Theological reconstruction is not only the work of theological education, but theological education holds an important place in theological reconstruction. Adjustment of certain backward and conservative views is a necessity and the burden of such adjustment falls first on pedagogy and research within our seminaries. Thus, the background to the task of theological reconstruction is: a surge in churches and an increase in Christians is offset by a dearth of clergy and a tendency to backward-looking preaching.
During 50th anniversary celebrations for Three-Self, the Chinese Church passed a formal resolution dividing the fifty years of Three-Self Movement history into three periods based on an analysis and summation of that history by Bishop Ting:
1 The Chinese Church adapting to the establishment of new China, resolving a political issue by accepting and recognizing the new Chinese government; that is, the leadership of the Communist Party. This was the first step in the process of adapting to socialism, the first beginning step in merging Christianity into the political life of the Chinese people. This extremely important period Bishop Ting identified as the first phase of the Three-Self Patriotic Movement.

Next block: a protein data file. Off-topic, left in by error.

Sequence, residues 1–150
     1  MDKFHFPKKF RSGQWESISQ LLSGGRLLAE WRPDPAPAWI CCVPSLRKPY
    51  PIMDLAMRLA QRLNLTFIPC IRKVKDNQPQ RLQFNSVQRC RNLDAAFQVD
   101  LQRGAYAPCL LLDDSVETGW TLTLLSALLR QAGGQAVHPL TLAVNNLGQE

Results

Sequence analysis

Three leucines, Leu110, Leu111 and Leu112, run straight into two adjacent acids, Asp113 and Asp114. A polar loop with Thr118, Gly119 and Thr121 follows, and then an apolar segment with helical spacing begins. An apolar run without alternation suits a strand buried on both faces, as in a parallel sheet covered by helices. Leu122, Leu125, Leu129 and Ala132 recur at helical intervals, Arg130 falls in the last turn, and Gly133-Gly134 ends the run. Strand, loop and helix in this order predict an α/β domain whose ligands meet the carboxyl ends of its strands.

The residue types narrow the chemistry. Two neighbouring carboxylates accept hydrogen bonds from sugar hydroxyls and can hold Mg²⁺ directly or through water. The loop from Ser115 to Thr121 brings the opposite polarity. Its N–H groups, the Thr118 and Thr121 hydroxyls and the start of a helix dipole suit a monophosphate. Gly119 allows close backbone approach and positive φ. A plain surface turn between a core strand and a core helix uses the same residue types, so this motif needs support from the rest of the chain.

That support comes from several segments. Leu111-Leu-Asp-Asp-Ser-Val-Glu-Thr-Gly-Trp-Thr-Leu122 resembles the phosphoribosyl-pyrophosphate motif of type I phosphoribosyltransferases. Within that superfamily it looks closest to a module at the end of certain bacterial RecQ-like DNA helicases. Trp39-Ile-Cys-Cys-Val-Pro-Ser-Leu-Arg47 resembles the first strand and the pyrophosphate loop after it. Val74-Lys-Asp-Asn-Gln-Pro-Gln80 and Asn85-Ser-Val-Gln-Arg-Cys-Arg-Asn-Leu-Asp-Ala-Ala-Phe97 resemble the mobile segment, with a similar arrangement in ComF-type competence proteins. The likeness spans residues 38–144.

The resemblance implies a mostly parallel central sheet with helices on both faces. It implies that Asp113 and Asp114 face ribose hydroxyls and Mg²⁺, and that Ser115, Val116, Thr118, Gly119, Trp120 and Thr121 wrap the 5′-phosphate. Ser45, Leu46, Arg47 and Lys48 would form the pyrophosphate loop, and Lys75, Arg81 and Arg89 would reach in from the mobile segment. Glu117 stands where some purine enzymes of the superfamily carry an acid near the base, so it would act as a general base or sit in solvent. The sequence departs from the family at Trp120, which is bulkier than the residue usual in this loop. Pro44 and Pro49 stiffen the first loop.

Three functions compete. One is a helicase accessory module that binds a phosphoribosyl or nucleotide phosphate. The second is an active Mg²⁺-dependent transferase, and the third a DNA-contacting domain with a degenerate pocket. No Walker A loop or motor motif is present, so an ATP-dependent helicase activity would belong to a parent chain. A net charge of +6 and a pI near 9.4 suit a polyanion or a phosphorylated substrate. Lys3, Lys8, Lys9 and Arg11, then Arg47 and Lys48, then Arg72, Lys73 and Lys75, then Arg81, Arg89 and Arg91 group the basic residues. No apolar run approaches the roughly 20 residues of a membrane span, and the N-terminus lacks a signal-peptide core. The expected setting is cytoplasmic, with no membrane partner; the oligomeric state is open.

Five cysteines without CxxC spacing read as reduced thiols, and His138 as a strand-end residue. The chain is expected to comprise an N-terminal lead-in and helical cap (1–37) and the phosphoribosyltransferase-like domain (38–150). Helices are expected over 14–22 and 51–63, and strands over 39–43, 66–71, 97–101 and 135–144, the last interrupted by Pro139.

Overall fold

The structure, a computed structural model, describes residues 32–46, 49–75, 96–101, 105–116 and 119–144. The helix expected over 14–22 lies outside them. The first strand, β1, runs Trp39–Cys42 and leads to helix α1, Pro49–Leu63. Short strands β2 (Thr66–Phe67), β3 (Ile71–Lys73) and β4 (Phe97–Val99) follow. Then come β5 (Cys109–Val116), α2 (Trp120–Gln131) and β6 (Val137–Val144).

2 In the 1980s, having been through the Cultural Revolution, Chinese Christianity was gained widespread recognition among the people of China. Chinese Christianity revived, benefiting from national reforms and the policy of openness. After nearly twenty years of development, we have built many churches, and many cadres from government departments related to religious bodies, like Chinese society overall, have been helping us to bring Church-State relations into better balance. Through its own actions, the Chinese Church has made it possible for the Chinese people to identify with the justice, progressiveness and rationality of Christianity.